The Family has a pretty strict honesty policy (detailed in the footnote here. Yes, Kidlingville occasionally uses footnotes. Apologies). This can make life difficult, or at the very least, awkward. The Kidling is very curious and asks questions about everything.
I’m usually prepared for the type of question she will ask. She wants to know why things work, how things work, why people behave certain ways… Not surprisingly, she also asks about why people look certain ways. This is not a big deal, typically. I’m usually spared the truly embarrassing moments, in part because she just doesn’t know to ask those questions. Alas, because I know The Kidling as well as I do, I wait for the question armed with the perfect, honest-but-kind response. For example, last week a friend’s dog got out and the lovely woman who brought the dog back had a beard and moustache. Not just a little shadow, but genuine facial hair. The woman was fantastic and clearly comfortable in her own skin, so when The Kidling said (loudly), “Mom! I want to tell you something funny. That girl has a beard,” I was perfectly confident responding simply, “Yes, she does. Everyone looks different, sweetie.” She isn’t too invested in gender roles (says the mother whose kid pointed out—loudly—a stranger’s nonconformance), so I figured that was all she needed. I was right. She went right back to her project with nary a thought on facial hair.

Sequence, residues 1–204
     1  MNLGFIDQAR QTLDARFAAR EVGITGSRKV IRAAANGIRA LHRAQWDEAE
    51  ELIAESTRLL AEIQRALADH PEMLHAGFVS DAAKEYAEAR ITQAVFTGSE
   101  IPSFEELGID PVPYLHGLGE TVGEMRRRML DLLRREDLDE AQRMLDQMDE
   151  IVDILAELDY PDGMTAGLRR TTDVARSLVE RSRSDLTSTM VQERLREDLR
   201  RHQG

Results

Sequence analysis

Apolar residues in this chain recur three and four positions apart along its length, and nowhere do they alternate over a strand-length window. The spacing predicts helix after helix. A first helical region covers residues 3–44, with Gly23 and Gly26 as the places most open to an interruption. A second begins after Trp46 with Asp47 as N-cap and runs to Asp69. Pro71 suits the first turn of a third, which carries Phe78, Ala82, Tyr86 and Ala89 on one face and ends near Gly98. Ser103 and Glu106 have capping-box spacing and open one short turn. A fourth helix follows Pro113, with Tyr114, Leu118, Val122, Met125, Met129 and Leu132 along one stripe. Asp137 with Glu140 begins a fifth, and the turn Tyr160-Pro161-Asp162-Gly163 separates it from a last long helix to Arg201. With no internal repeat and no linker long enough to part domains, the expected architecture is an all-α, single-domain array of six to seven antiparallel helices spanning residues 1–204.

Sometimes, though, she kind of gets me.
Just Thursday we were at Kmart and she inquired—loudly—regarding the woman in front of us, “Mom? Is that a boy?” The woman was not amused. I said—loudly—in reply, “Of course not, sweetie! (nervous laughter) Of course she’s a woman! Remember when you thought I was a boy? Remember when I cut my hair and you thought I was a boy?”
Well, it turned out that if I had just shut the hell up, The Kidling would have explained her reasoning without all of The Mama’s hemming and hawing and attempts to soothe a bruised ego. She went on, “But she has a very deep voice.” And she did. So does Alice, so we talked about different types of voices and that was that.
And, of course, sometimes she really gets me. Like Sunday, when we were running errands at Target. I had run into a friend and we were chatting when “a person of abnormally small stature” walked by.* Merriam-Webster wasn’t particularly helpful in producing an adequate synonym for me, so I quote their definition. Can you believe it suggested pee wee, pygmy, runt, AND shrimp!?! Really? Let’s substitute offensive words for other offensive words. Thanks, folks.
Anyway, the very small adult walked by and The Kidling was frantically—and loudly—trying to get my attention (have you noticed a theme here?):
The Kidling: Mom! Mom! Who is that?! Mom! Who is that?
The Mama: (I knew exactly who she was talking about, but didn’t want to make the idea of the “other” so concrete by knowing without being told) Who, Alice?
The Kidling: Who is that? That guy?
The Mama: Which guy?
The Kidling: (points) Is that a real-life person?
The Mama: Yes, dear. Of course he is a real person.
The Kidling: I thought he was a mascot.
The Mama: (Fuck!)
Now, readers, pardon me for indulging in the exact thought I had at that moment, but seriously. I was completely prepared to talk to The Kidling about very small people, very large people, freckles, wrinkles, red hair, facial hair, underarm hair, skin color, eye color, wheel chairs, walkers, and the myriad ways in which people can be physically different. I was not, however, prepared to talk about mascots.
* http://www.merriam-webster.com/dictionary/dwarf?show=0&t=1332734784 Sorry, dear readers. A JD makes a gal pretty paranoid about proper attribution.